Metro Weekly

Germany bans conversion therapy for LGBTQ youth

The new law criminalizes conversion therapy and bans advertising for the practice

germany, conversion therapy, lgbtq, ban, youth
Photo: Christian Wiediger / Unsplash

The German parliament has passed a law banning the harmful practice of conversion therapy, which falsely claims to change a person’s sexual orientation or gender identity.

Under the new law, conversion therapy is banned for those under the age of 18, as well as for adults who are forcibly subjected to it, PinkNews reports.

Conversion therapy, which can take the form of talk therapy or more extreme measures such as aversion and electroshock therapy, has been debunked by the American Medical Association and declared ineffective by a number of prominent former conversion therapy — or “ex-gay” — advocates.

“Homosexuality is not a disease,” said Germany’s Health Minister Jens Spahn, who is gay. “That’s why the very term therapy is misleading.”

Germany’s ban carries penalties of up to one year in prison for those who carry out conversion therapy. It also bans all advertising for the practice.

OutRight Action International, which advocates for the rights of LGBTQ people across the globe, praised German lawmakers for enacting the ban, noting that conversion therapy can involve “brutal, inhuman force.”

Executive Director Jessica Stern said in a statement that the German parliament had “sent a powerful message that LGBTIQ people are not in need of change or cure.

“At the same time, demand for ‘conversion therapy’ will only decrease if acceptance of LGBTIQ people grows,” Stern said. “I urge authorities in Germany to bolster the legal ban on ‘conversion therapy’ with measures designed to promote understanding and inclusion of LGBTIQ people, thus tackling the root causes of these harmful, inhuman practices.”

While some critics argued that the ban does not go far enough in protecting all LGBTQ people from conversion therapy, Spahn said that it was limited to LGBTQ youth and those who are forcibly subjected to the practice in order to be able to defend the law in court, Reuters reports.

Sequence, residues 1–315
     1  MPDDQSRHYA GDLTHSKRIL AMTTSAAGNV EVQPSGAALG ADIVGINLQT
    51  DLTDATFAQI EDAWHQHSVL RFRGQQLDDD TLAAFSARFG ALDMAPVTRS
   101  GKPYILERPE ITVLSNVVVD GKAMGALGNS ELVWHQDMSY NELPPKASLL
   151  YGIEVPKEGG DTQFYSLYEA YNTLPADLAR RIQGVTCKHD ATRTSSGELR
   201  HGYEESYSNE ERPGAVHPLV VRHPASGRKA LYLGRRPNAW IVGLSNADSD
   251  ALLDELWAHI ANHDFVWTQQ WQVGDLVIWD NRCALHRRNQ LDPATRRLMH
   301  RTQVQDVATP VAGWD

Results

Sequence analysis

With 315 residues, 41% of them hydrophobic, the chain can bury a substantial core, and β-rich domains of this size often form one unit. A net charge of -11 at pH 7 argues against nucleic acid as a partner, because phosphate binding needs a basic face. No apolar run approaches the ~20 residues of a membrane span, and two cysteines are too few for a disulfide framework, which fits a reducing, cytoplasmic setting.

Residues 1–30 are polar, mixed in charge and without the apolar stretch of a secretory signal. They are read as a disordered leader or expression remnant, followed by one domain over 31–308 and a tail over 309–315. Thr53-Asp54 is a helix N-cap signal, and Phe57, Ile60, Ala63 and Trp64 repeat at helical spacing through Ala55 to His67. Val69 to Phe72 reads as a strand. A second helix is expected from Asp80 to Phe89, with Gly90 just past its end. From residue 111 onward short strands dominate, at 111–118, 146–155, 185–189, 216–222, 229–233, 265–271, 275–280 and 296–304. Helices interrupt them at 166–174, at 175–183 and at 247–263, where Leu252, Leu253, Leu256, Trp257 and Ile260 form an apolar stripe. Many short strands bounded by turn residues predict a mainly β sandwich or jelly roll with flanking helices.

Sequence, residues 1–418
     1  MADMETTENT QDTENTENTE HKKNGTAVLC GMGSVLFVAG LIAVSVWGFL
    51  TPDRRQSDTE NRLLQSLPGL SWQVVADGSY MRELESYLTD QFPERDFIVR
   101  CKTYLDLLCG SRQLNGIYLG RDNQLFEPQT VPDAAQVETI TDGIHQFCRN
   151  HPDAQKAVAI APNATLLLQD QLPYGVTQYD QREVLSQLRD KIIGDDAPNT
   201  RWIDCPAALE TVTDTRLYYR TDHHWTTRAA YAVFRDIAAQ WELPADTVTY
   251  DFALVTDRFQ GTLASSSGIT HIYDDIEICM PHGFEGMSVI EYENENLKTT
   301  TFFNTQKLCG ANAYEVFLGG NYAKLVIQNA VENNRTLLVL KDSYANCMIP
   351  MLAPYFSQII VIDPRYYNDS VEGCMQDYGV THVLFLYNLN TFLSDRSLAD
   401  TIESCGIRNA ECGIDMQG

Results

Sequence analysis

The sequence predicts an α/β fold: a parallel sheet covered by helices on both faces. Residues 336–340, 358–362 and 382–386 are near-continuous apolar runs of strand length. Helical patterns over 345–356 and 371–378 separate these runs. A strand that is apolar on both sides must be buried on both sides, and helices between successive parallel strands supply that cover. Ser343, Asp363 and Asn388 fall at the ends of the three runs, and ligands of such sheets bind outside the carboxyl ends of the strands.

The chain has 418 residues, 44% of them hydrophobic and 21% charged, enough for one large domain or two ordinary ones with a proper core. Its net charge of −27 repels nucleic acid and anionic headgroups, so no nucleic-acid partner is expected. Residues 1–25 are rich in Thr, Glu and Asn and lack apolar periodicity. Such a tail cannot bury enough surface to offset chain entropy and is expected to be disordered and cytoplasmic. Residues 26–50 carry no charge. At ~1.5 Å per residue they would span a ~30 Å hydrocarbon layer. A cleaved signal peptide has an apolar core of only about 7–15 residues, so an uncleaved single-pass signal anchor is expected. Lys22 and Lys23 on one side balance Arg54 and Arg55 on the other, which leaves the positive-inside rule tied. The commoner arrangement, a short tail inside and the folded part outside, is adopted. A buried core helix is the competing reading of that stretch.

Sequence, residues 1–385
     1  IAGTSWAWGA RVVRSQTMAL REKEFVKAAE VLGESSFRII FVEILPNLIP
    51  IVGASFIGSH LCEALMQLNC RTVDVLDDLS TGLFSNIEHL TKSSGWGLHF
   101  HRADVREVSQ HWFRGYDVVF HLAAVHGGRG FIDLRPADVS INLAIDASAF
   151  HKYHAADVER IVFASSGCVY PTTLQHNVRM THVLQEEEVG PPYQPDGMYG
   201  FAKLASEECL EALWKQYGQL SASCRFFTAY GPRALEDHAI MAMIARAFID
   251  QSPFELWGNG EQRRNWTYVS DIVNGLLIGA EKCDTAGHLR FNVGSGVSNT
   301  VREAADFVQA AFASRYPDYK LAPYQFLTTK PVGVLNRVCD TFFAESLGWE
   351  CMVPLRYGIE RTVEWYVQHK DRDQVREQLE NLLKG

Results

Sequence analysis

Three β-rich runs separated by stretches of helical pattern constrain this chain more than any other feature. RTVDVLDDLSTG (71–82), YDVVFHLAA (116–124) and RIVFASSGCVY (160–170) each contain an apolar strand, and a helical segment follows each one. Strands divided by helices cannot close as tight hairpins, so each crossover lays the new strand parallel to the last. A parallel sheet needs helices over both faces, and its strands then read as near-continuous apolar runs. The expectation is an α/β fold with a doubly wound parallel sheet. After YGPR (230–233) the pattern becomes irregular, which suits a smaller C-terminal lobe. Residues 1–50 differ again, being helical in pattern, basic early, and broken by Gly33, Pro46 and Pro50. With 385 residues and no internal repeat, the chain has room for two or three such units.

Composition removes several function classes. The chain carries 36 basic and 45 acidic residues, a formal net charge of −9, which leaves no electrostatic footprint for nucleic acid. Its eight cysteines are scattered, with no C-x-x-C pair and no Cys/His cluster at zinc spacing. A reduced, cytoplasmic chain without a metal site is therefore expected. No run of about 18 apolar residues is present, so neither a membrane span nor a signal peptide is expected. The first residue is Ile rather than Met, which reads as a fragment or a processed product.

“I want a ban which will be robust, including if it’s brought before the courts,” Spahn said.

He added: “Young people are being forced into conversion therapies, and so it is very important that they should find support in the existence of this law: a clear signal that the state does not want this to happen.”

Born Perfect, a National Center for Lesbian Rights campaign led by survivors of conversion therapy, praised Germany for banning the practice.

“Germany is the first major European country to protect LGBTQ people from this insidious practice, which is one of the primary drivers of suicide and depression among LGBTQ youth,” Mathew Shurka, co-founder of Born Perfect, said in a statement. “Especially during this time, when many LGBTQ people are feeling more isolated and alone than ever, Germany’s leadership is a powerful example of how governments can stand up for LGBTQ youth.”

Shannon Minter, executive director of NCLR, called Germany’s leadership on the issue “groundbreaking,” and said the country was “setting a new international standard for protecting LGBTQ youth and for recognizing conversion therapy for what it is — a public health crisis that is devastating the lives of LGBTQ young people.”

The Trevor Project, the world’s largest suicide prevention and crisis intervention service for LGBTQ youth, similarly praised Germany for implementing a ban on conversion therapy.

Sam Brinton, Vice President of Advocacy and Government at The Trevor Project, noted that research in the United States has shown that young people subjected to conversion therapy are at increased risk of “suicidal ideation and other negative mental health outcomes.”

“Germany’s bold action will save lives and send a message to LGBTQ young people around the world that they deserve love, respect, and support,” Brinton said in a statement.


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